>>>> really
>>>> >>     finalize is the internal units.  The initial concept was
>>>> but
>>>> >>     the more I think about it and discuss with other developers,
>>>> makes
>>>> >>     more sense to use units for the following reasons:
>>>> >>
>>>> >>     1. It's easier to visualize in your head how the symbols on
>>>> >>     given page
>>>> >>     size will layout.
>>>> >>
>>>> >>     2. Converting from other file formats (Eagle, Altium, etc)
>will be
>>>> >>     easier since most if not all of them have a defined unit.
>>>> >>
>>>> >>     I'm thinking 10u (or possibly 100u) will make a good
>>>> units
>>>> >>     value.  Once we nail down the units, I will update the file
>>>> >>     document accordingly.
>>>> >>
>>>> >>     Please keep in mind that this is the symbol library file
>>>> >>     document
>>>> >>     so things like constraints belong in the schematic file
>format.  I
>>>> >>     will
>>>> >>     be posting the schematic file format as soon as I finish
>>>> it.
>>>> >>
>>>> >>     Cheers,
>>>> >>
>>>> >>     Wayne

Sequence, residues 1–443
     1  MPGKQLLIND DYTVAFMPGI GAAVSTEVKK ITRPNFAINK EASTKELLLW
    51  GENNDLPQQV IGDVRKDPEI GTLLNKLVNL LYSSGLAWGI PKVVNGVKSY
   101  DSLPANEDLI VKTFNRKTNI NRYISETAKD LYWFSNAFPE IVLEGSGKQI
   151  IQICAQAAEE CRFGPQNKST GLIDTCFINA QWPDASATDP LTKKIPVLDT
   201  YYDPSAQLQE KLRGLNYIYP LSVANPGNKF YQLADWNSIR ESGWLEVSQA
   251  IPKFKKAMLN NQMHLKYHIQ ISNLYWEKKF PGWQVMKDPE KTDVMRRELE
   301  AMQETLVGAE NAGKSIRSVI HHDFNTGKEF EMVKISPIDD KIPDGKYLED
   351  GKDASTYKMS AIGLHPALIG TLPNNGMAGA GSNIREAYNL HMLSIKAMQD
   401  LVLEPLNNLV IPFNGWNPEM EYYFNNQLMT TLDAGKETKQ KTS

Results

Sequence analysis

>>>> >>
>>>> >>     [1]:
>>>> >>
>>>> >>
>>>> >>
>>> Although I cannot speak for the main developers at all, I remembered
>>> S-expressions were introduced (it seems only yesterday) and it was
>>> start of a big leap forward for the project (not all related to the
>>> format). I also remember the huge amount of work out in by Dick,
>Wayne and
>>> others (sorry if I did not mention anyone specifically, too lazy to
>look it
>>> up).
>>> I perfectly understand that changing file-format is not an easy
>>> However, proto-bufs do look really clean, but I have no clue on the
>>> of effort it would take to implement. I have never worked with it
>>> (will remember it for my next project, though).
>>> Andrew, how easy would it be? Would it be feasible to support both
>in V6
>>> and let the future tell us which one would prevail?
>>> Happy NewYear to all,
>>> Martijn